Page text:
I recently spent quite a bit of time on the Trance X. The entire time I was riding it, I couldn’t help but compare it to the Occam. They shares many of the same good qualities. The Trance X is fast — uphill and downhill. The suspension is supportive yet great for smoothing out terrain and holding your momentum. It feels a little more “all-mountain” than the Occam, but still retains that lively and responsive ride quality that a good trail bike should have.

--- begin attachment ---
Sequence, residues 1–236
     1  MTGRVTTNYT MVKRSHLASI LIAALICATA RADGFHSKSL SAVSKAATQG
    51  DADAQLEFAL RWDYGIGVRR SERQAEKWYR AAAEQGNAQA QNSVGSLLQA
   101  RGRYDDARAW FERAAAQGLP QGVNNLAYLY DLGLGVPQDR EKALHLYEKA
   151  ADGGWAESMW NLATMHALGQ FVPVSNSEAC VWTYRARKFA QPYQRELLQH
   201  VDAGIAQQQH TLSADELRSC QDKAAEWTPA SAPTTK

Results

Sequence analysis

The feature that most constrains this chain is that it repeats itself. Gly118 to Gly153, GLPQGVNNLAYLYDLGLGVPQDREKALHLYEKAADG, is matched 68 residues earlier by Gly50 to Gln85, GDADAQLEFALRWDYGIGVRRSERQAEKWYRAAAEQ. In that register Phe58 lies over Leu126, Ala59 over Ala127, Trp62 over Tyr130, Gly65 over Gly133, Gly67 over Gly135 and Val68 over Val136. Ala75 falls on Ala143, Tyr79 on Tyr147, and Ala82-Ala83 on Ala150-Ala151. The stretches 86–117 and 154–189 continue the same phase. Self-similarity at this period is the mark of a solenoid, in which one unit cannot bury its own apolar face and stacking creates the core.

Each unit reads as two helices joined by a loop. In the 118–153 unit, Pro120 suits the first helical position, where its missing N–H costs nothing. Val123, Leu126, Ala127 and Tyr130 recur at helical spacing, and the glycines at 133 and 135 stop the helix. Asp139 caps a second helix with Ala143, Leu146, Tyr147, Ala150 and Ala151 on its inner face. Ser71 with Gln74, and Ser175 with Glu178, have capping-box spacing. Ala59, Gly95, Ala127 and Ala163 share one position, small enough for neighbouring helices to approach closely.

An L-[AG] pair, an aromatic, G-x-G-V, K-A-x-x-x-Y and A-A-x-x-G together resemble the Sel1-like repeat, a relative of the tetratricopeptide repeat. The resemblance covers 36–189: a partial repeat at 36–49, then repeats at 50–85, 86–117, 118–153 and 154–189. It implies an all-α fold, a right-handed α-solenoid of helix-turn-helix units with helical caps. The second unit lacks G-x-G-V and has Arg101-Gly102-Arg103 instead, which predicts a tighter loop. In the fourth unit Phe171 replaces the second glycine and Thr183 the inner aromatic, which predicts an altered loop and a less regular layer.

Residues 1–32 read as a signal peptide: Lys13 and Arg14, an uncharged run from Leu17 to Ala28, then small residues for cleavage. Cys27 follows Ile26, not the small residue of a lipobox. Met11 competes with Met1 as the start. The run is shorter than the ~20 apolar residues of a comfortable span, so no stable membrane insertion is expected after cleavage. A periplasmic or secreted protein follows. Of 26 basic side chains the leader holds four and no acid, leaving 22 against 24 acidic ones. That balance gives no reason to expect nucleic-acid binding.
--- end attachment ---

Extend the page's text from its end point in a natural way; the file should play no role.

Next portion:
I’m going to make a bold statement here. The Trance X is the most capable technical climber I have ever ridden. There, I said it. Come at me with your pitchforks — I’m ready. I’ve been able to clean difficult climbs more consistently and easily on the Trance X than any other bike I’ve ridden. It has to be a combination of the suspension design and geometry. Giant seems to have found the perfect blend of efficiency and activity for the rear suspension on this bike. It’s that little bit of an active suspension design that allows the trance to get up and over obstacles easier than other bikes. There’s gobs and gobs of traction as well. It’s not so active, though, that you’re just bobbing up and down instead of moving forward. It’s not just suspension design either. the trance X has a bit of a forward weight bias. It’s one of the first things I noticed about the bike. Keeping your weight more over the front wheel is great for control and traction. It all adds up to a very competent technical climber. The Trance X does well when the climbs are smooth, but the Occam takes the cake there.